20. Let's Stay Together - Al Green (1971)

21. Black Angels (Thirteen Images from the Dark Land) -George Crumb, CRI Recordings, (1972)

22. Aja - Steely Dan (1977)

23. 3 Feet High and Rising - De La Soul (1989)

24. GOPAC Strategy and Instructional Tapes (1986-1994)

25. Phonautograms - Edouard-Leon Scott de Martinville (ca. 1853-1861)

"America's recorded-sound heritage has in many ways transformed the soundscape of the modern world, resonating and flowing through our cultural memory," said Billington. "Audio recordings have documented our lives and allowed us to share artistic expressions and entertainment. Songs, words and the natural sounds of the world that we live in have been captured on one of the most perishable of all of our art media. The salient question is not whether we should preserve these artifacts, but how best collectively to save this indispensable part of our history."

Under the terms of the National Recording Preservation Act of 2000, the librarian, with advice from the Library's National Recording Preservation Board (NRPB), is tasked with selecting every year 25 recordings that are "culturally, historically, or aesthetically significant" and are at least 10 years old. The selections for the 2010 registry bring the total number of recordings to 325.

More news for Tammy Wynette

CD reviews for Tammy Wynette

Take Me to Your World/I Don't Wanna Play House
"Take Me to Your World/I Don't Wanna Play House," originally released 30 years ago and rather awkwardly named after its two biggest hits, was Tammy Wynette's second album. If not quite on a par with her achievements in her subsequent two releases "D-I-V-O-R-C-E" and "Stand By Your Man," this is no slouch for all that. "Jackson Ain't a Very Big Town," "Broadminded" and the two title tracks all show producer Billy Sherrill already finding appropriate vehicles for the lyrical subjects and the vocals »»»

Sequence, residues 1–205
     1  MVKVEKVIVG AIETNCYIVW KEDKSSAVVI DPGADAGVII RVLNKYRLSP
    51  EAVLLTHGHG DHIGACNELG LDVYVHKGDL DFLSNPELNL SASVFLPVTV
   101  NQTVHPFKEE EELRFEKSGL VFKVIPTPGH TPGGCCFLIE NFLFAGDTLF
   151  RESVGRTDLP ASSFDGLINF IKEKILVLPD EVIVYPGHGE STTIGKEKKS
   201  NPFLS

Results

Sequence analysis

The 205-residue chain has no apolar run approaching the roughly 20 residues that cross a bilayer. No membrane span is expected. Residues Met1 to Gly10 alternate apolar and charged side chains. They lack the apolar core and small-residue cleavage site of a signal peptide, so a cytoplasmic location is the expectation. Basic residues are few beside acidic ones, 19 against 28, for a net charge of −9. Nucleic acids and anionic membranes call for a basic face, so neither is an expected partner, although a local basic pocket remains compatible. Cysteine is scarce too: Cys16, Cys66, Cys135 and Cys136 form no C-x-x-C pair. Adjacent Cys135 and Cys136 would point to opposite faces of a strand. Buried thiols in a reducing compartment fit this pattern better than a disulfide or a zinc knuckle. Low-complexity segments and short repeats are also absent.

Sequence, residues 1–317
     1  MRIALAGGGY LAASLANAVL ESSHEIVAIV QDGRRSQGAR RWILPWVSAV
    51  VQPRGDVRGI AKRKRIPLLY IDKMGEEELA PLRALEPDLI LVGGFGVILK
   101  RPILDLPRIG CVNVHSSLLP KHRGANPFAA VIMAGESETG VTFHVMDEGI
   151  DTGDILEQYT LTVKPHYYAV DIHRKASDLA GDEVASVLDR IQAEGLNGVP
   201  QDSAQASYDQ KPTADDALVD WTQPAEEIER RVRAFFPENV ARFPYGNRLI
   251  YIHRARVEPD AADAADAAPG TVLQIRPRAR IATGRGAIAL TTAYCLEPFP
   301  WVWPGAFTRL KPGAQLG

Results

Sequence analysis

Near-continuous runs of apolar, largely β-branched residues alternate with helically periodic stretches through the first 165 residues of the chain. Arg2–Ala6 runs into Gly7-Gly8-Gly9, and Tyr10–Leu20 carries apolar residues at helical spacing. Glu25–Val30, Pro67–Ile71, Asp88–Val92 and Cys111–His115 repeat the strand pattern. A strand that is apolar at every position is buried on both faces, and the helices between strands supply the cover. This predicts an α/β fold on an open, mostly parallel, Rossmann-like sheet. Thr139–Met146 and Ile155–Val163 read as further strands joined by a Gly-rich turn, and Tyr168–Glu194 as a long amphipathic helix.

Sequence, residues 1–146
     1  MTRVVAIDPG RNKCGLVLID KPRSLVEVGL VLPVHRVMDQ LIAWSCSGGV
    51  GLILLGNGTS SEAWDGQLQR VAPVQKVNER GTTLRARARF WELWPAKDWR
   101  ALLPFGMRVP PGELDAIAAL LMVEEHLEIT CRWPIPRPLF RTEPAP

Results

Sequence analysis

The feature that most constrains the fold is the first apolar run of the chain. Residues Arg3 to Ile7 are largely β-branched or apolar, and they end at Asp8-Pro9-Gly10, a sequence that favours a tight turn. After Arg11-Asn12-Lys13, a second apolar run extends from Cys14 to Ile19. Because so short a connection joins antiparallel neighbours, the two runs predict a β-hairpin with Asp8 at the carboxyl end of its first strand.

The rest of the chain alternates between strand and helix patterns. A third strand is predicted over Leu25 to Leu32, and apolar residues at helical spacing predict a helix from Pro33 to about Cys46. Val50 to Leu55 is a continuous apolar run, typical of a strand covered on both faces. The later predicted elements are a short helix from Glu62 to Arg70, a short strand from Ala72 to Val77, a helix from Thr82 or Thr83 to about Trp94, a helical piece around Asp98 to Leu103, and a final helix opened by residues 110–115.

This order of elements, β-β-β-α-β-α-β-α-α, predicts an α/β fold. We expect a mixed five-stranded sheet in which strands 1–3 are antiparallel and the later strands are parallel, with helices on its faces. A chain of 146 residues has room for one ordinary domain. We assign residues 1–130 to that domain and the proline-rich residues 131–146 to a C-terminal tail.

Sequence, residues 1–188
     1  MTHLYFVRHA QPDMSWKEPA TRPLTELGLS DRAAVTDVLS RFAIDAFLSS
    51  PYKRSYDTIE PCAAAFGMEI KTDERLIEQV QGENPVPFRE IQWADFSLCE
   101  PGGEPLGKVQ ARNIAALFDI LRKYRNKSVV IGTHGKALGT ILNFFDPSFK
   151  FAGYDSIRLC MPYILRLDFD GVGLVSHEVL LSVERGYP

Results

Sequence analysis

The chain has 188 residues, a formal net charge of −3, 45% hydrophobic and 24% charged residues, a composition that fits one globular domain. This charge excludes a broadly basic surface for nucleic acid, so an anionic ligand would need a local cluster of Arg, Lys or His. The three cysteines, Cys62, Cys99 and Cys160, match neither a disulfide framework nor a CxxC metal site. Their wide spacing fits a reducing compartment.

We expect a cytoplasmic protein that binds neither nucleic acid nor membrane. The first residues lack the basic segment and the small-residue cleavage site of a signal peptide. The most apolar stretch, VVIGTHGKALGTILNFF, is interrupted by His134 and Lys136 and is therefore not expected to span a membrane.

Stand By Your Man
No one had a bigger voice or a more tragic catch to their voice than Tammy Wynette - and in that open-throated heartbreak, the collective psyches and traumas of the post-feminist non-feminist woman rose and fell. "Stand By Your Man," from a sociologist's perspective, is certainly the song and, in turn, the album that galvanized Wynette's place as the anti-Steinem; a fact that's both important and misleading. Wynette was never about subservience or being done wrong. She was about compassion and »»»
Editorial: Walking the talk – When names like Hank Williams, Johnny Cash, Waylon and the Hag are invoked, you're talking hard core country. These are the touchstones of country , the guys who made country music what it was and still is (or maybe can be). When these folks would sing about being down-and-out and the rough-and-tumble, they knew of what they were singing about. Fast forward a few years to the country singers of today. »»»
Concert Review: Womack planned a good night – Lee Ann Womack pretty much summed up where she's at these days in concluding her show with Don Williams "Lord I Hope This Day Is Good." The ever-strong voiced country traditionalist sang, "I don't need fortune and I don't need fame" with the concluding line of the stanza asking the Man upstairs to "plan a good day for me.... »»»
Concert Review: Cantrell continues to satisfy – Laura Cantrell may never be a country star. Not at this stage of her career when she's 50, touring here and there and releasing new music every few years or so. But five albums in, Cantrell continues as a warm, enjoyable and worthy purveyor of her brand of country. That would mean going towards a more traditional side, not rushing the songs... »»»